The first show produced under the “FX on Hulu” banner, “Devs,” is an eight-episode sci-fi techno-thriller miniseries that’s taken the pop-culture landscape by storm. In recent months the COVID-19 outbreak has been leaving many citizens stuck at home with little to do, and since then, streaming exclusive shows have been booming. Unfortunately, not all of them can reach the level of “Tiger King,” and “Devs” happens to be one that leaves more than a little to be desired.

Set in the near future, one of the biggest tech companies called Amaya, is working on something big. Employees Sergei, played by Karl Glusman, and girlfriend Lily, played by Sonoya Mizuno, are excited when the company’s CEO Forest — played by Nick Offerman — promotes Sergei to join their secret project “Devs.” However, Sergei never returns home from work that day and Lily becomes determined to find out what happened to him. So, in recruiting her ex-boyfriend Jamie — played by Jin Ha — the two head down a dangerous path of discovery toward the secrets both Sergei and Forest were hiding.

“Devs” was written and directed by Alex Garland, who previously wrote and directed the Academy Award-winning “Ex Machina” and the critically acclaimed box office flop “Annihilation.” Unfortunately, much of the execution of “Devs” echoes that from the latter rather than the former. Meaning, if you actually invest your time to watch it, you’d better be ready for a long, slow show that’s heavy on philosophy but lacking in actual entertainment.

It turns out the “Devs” in the show are developing a computer program that allows them to see into the past, and with some tweaking, may be able to let them visualize the future. This sets up the central theme Garland is attempting to explore, that notions of free will are an illusion. The enigmatic company CEO Forest is so blatantly set up as a man playing God it makes you cringe — from the shaggy bearded Godlike look to a painfully obvious symbolic shot in which his head is framed in front of a halo-shaped light.

Forest is stuck dwelling on the past after the untimely death of his wife and daughter in a car accident, leading him to want this project made and a personal obsession over predestination. The conversations regarding this subject are at times interesting, but ultimately self-contradictory. He claims the universe does indeed have infinite alternate variations of everything, but everything is also deterministic. So, which is it? Was Garland counting on the audience not understanding what the characters were talking about, thus assuming their dialogue was legitimate and profound?

From the beginning of the series, it’s evident that it will include three things: obnoxious music, numerous pointless establishing shots of San Francisco, and emotionally muted performances. The former may be my subjective view —perhaps it’s just not my style. The second is merely one symptom of the series’ glacially slow pace, in which it takes forever for the story to move forward.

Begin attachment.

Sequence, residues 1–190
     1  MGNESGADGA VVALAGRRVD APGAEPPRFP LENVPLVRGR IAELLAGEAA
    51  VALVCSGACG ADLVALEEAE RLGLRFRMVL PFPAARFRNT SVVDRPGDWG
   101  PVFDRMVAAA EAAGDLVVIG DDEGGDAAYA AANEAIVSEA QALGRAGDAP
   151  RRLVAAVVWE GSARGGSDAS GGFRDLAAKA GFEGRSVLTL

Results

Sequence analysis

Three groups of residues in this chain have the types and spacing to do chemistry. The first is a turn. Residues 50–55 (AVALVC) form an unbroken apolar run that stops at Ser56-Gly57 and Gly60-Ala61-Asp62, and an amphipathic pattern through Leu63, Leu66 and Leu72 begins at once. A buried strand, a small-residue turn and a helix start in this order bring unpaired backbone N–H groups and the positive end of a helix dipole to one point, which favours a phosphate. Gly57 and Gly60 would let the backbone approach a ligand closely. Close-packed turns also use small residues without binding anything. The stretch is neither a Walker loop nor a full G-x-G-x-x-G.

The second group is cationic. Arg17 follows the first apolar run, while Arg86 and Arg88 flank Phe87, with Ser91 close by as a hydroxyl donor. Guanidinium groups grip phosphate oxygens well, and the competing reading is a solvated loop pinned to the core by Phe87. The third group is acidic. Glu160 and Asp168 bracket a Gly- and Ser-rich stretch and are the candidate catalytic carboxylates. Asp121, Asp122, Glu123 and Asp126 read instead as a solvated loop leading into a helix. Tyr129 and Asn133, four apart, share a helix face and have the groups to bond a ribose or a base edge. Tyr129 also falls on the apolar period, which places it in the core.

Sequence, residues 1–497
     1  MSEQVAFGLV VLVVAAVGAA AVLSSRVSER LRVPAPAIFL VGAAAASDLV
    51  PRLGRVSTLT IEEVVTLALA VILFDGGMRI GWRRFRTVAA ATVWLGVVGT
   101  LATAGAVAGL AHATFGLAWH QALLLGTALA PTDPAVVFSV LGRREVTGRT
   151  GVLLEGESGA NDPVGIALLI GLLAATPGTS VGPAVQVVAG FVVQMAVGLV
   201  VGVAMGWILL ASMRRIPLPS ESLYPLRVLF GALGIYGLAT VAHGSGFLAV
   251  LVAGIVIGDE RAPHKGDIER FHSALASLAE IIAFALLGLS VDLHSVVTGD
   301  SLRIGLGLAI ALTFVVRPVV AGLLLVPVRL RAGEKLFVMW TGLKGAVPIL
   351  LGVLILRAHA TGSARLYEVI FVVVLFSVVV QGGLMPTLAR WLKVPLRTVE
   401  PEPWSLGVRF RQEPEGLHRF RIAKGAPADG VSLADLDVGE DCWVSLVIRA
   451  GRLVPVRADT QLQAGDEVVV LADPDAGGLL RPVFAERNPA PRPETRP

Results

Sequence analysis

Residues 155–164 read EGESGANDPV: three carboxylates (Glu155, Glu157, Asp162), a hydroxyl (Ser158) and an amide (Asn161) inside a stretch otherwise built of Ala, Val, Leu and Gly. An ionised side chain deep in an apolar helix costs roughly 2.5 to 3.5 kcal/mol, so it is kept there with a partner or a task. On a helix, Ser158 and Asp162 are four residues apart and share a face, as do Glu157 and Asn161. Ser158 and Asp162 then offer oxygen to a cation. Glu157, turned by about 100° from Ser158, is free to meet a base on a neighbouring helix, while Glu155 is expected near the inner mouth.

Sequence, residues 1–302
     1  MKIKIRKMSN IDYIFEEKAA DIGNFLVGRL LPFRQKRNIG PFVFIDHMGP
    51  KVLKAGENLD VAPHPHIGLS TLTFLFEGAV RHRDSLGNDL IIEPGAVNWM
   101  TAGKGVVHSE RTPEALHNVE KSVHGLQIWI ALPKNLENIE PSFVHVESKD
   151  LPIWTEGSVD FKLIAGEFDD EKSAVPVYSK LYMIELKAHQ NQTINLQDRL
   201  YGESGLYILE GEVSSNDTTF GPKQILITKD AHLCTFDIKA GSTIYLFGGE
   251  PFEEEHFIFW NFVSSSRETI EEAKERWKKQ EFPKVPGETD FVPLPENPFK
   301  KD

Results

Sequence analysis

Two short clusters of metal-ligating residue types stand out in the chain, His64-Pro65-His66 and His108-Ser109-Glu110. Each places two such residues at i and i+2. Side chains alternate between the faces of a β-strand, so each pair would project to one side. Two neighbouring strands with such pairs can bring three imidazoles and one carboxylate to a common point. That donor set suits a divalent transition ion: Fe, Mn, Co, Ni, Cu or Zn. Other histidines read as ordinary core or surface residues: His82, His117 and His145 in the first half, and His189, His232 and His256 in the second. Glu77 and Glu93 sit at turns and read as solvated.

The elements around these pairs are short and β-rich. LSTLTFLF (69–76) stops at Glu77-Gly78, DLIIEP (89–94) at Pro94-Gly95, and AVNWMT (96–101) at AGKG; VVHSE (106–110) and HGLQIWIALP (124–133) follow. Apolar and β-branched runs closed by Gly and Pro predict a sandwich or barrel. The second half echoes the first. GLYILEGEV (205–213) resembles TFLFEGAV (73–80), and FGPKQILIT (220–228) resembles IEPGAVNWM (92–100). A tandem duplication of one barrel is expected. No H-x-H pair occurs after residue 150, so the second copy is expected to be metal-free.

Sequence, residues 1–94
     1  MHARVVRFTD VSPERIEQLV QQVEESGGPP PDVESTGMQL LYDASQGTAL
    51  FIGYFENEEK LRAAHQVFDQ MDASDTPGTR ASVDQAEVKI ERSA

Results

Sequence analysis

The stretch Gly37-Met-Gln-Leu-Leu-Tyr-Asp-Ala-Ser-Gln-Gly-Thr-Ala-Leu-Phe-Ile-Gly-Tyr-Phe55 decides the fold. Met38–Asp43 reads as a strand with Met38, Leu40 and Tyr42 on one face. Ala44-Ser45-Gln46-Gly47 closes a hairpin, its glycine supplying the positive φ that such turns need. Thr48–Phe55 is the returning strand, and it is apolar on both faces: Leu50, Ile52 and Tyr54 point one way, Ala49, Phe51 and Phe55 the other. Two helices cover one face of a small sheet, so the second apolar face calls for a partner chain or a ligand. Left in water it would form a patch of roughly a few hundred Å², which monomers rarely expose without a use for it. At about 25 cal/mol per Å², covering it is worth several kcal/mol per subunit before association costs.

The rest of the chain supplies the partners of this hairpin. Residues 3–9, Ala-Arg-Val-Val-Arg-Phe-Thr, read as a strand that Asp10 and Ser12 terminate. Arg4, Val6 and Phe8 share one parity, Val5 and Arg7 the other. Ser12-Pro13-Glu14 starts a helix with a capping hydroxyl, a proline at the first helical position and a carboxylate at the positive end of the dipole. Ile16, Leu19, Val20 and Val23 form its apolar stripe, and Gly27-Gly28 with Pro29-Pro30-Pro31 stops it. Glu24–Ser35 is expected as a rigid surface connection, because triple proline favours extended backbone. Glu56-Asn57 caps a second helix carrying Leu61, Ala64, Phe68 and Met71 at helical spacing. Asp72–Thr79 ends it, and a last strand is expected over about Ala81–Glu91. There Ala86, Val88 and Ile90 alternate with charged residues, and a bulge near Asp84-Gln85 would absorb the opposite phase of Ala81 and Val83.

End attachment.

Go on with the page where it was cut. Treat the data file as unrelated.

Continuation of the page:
For the latter, one would expect this is largely owed to Garland since he wrote and directed the project, ostensibly meaning he’s in full control of what we’re seeing. Yet “Devs” features some of the worst writing and most wooden performances I’ve seen from a big-budget television show in a long time. The leads Mizuno and Ha anchor most of the series, and it could be the writing making them so shallow, but they have no chemistry and stand as questionable choices for such crucial roles. Offerman is also miscast, a fine dramatic and comedic actor but simply not suited for the character.

Another of the series’ numerous problems involves its structure. There is no mystery regarding what happened to Sergei since it’s shown in the first episode, and overall its plot feels like it would fill a two-hour film nicely but instead was stretched out to six. This strikes as strange since the opening episode teases numerous themes that are never developed upon, like income inequality, xenophobia, the encroaching role of technology in our daily lives, or the role of the government regulating tech giants like these. Instead, we watch dull characters prattle on about predetermination with an occasional visual marvel to wake us up.

Pretentious, obvious, and too drawn out to keep your interest, “Devs” shares many problems with Garland’s last film “Annihilation” — ambitious and swinging for the fences, but striking out and falling on its face. Coupled with the eight-episode runtime, you’re waiting a heck of a long time before anything remotely interesting happens. “Devs,” ironically enough, fails to develop in a meaningful way, and by the end, you’re wishing you had the free will never to spend your time watching it in the first place.

Title: Devs

Star Rating: Two stars

Good:

  • Some interesting visuals.
  • Delves into deep themes, like free will.
  • Occasional good performances.

Bad:

  • Glacial pace.
  • Predictable.
  • Poor acting for most of the cast, but that may have been the bad direction and script.
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